Although Singapore’s falling construction activity is negatively affecting its economy, a sharp drop in property prices could pose a greater threat, according to media reports.
The city state’s economy grew by merely 1.2 percent in Q3 2014 on an annual basis based on figures published yesterday, while most economists polled by Reuters were expecting a 1.8 percent rise.
Specifically, the quarter’s weak GDP expansion is mainly attributed to slowing construction activity, with the sector suffering dismal growth of 1.4 percent compared to 4.1 percent in Q2 2014.
However, price corrections are of greater concern said CIMB bank’s Regional Economist Seng Wun Song.
“If the pace of the global economic recovery continues to plod along rather than pick up steam, the deceleration in Singapore asset prices could be sharper than the current 10-15 percent range, which would have repercussions on equities and for the wealth effect,” he explained.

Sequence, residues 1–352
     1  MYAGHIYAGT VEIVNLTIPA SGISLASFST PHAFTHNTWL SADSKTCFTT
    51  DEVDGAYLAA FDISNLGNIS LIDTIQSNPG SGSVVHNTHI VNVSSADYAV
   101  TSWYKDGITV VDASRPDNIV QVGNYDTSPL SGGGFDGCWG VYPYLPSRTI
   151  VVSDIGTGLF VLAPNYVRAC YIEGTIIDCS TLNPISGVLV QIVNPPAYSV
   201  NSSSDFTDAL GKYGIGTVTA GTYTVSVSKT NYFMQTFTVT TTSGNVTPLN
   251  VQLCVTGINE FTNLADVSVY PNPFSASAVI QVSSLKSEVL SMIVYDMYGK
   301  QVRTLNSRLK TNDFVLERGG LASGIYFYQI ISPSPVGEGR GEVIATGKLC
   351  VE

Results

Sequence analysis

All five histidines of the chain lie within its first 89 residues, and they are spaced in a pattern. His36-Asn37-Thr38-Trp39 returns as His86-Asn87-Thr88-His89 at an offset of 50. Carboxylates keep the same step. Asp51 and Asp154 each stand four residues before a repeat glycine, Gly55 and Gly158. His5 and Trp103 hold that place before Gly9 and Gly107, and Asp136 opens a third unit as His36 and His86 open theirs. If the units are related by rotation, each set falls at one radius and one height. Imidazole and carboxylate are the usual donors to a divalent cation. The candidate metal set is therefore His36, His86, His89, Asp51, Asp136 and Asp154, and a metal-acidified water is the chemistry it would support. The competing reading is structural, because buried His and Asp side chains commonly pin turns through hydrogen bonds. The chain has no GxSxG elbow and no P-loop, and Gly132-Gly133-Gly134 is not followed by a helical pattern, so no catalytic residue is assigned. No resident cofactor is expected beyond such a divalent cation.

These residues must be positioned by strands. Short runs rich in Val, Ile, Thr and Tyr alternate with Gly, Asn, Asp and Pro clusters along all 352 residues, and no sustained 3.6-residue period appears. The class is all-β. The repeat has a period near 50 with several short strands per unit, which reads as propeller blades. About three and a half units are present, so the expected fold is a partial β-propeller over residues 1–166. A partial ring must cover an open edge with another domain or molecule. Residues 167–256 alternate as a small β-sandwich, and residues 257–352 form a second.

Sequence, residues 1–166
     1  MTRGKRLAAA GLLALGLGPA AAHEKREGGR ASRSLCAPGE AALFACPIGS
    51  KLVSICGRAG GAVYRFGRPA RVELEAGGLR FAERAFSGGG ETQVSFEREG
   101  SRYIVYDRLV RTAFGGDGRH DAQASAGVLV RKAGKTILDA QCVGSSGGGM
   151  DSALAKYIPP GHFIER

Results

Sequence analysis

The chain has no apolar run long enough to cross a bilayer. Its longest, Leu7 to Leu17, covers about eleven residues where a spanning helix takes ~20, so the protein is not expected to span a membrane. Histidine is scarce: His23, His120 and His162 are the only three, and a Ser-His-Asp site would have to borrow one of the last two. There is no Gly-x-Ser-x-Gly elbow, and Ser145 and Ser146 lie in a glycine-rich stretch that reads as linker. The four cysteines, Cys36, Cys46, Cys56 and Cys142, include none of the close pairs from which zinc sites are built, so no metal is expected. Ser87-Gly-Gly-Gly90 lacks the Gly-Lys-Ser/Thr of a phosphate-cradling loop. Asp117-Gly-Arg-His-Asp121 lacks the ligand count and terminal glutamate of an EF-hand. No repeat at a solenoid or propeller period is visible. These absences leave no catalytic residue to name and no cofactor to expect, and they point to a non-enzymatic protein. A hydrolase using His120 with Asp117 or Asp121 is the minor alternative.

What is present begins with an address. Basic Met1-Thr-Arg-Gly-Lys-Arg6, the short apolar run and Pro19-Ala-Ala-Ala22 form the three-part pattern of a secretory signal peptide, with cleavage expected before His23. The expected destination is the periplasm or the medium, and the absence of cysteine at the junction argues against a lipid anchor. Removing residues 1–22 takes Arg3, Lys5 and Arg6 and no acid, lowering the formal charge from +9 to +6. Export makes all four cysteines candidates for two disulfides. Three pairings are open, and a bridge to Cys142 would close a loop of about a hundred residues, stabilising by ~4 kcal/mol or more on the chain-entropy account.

Based on Knight Frank’s data, prices in Singapore’s prime housing market dropped by 7.3 percent in H1 2014. This segment comprises five percent of the most expensive residences in the country.
Nevertheless, a sharp decline in prices is likely to be precipitated by an external trigger from the global economy, said Mizuho Bank’s Market Economist Vishnu Varathan.
“For property to compound into a big risk you would need to see a very negative spillover from China, or the unlikely case of a faster-than-expected rate hike by the U.S. Federal Reserve,” he said.
A combination of these factors could lead to domestic demand drying up and prices stumbling, he added.